"In a health care system that spends $2.5 trillion a year, less than one-tenth of 1% is spent on research to determine what treatment options work best - and, in some cases, whether they work at all.
"We spend billions of dollars on developing new treatments and technologies, but we don't go back through and say, 'OK, how do they work?' " said Murray Ross, director of research at the Kaiser Permanente Institute for Health Policy.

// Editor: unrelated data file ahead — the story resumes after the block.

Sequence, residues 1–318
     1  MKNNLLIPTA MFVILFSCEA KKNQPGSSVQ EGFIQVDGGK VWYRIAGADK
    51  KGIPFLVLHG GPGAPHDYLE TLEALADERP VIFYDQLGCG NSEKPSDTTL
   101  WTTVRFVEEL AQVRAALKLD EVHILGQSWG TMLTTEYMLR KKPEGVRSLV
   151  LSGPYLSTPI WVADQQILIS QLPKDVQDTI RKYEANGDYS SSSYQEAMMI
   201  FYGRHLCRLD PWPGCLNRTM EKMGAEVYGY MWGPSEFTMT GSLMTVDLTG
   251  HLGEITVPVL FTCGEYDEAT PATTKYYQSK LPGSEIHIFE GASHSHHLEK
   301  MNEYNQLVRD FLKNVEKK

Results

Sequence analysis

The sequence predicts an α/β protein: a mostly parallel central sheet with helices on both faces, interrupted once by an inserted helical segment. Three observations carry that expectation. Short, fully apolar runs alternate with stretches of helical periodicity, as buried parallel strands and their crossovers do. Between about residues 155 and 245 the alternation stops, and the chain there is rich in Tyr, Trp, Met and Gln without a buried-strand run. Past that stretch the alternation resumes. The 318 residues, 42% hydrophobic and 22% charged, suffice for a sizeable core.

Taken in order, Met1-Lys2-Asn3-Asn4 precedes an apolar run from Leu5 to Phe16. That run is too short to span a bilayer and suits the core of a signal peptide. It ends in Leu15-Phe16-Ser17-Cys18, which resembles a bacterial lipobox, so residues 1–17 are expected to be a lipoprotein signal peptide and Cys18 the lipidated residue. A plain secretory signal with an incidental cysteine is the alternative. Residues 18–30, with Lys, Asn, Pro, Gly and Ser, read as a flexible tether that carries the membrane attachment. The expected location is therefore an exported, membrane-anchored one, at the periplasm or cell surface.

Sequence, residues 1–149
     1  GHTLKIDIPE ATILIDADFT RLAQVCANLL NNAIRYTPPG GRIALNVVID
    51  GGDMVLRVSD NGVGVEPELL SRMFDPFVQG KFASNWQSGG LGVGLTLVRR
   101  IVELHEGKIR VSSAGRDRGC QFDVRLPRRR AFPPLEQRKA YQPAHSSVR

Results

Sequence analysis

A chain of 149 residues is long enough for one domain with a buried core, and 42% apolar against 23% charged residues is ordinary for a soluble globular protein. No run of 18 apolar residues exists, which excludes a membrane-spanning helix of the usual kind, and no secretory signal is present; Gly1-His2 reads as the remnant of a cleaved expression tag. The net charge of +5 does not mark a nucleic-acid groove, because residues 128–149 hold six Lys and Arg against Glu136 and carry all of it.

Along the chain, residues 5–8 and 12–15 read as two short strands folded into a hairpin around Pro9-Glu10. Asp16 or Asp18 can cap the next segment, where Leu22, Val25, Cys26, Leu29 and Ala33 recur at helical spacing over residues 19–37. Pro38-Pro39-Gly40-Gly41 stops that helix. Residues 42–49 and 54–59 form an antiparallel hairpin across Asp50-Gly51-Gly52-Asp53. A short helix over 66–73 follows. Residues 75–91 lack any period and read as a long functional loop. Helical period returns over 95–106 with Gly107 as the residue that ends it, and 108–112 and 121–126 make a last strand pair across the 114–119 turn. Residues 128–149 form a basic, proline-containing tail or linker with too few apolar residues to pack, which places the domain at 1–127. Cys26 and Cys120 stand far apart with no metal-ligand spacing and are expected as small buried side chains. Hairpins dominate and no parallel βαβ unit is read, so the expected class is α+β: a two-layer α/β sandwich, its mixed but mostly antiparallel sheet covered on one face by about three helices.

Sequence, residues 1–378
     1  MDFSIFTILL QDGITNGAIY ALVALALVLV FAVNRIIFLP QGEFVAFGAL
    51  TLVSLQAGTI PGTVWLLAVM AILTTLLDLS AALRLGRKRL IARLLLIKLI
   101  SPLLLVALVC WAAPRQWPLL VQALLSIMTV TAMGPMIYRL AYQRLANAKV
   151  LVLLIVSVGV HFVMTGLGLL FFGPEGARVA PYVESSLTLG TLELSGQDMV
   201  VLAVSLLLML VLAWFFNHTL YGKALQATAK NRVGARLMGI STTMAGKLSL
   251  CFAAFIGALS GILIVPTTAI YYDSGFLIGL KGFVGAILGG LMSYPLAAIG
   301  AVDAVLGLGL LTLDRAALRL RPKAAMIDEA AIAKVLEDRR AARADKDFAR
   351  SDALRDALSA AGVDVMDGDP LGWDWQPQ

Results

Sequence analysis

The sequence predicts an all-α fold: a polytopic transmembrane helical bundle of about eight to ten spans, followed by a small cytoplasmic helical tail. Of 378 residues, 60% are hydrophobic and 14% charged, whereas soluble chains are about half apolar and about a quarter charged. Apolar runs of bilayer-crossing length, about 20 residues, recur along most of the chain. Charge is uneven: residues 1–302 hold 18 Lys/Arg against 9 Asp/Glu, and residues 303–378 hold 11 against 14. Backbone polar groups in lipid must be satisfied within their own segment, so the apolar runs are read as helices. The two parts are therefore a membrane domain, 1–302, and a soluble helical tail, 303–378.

The result is tens of billions of dollars - and maybe much more - spent each year on treatments that are of marginal or questionable value.
In recent years, doctors, economists, health plans, business groups and others have called for increased research on comparative effectiveness - research that compares different treatment options.
That's about to happen."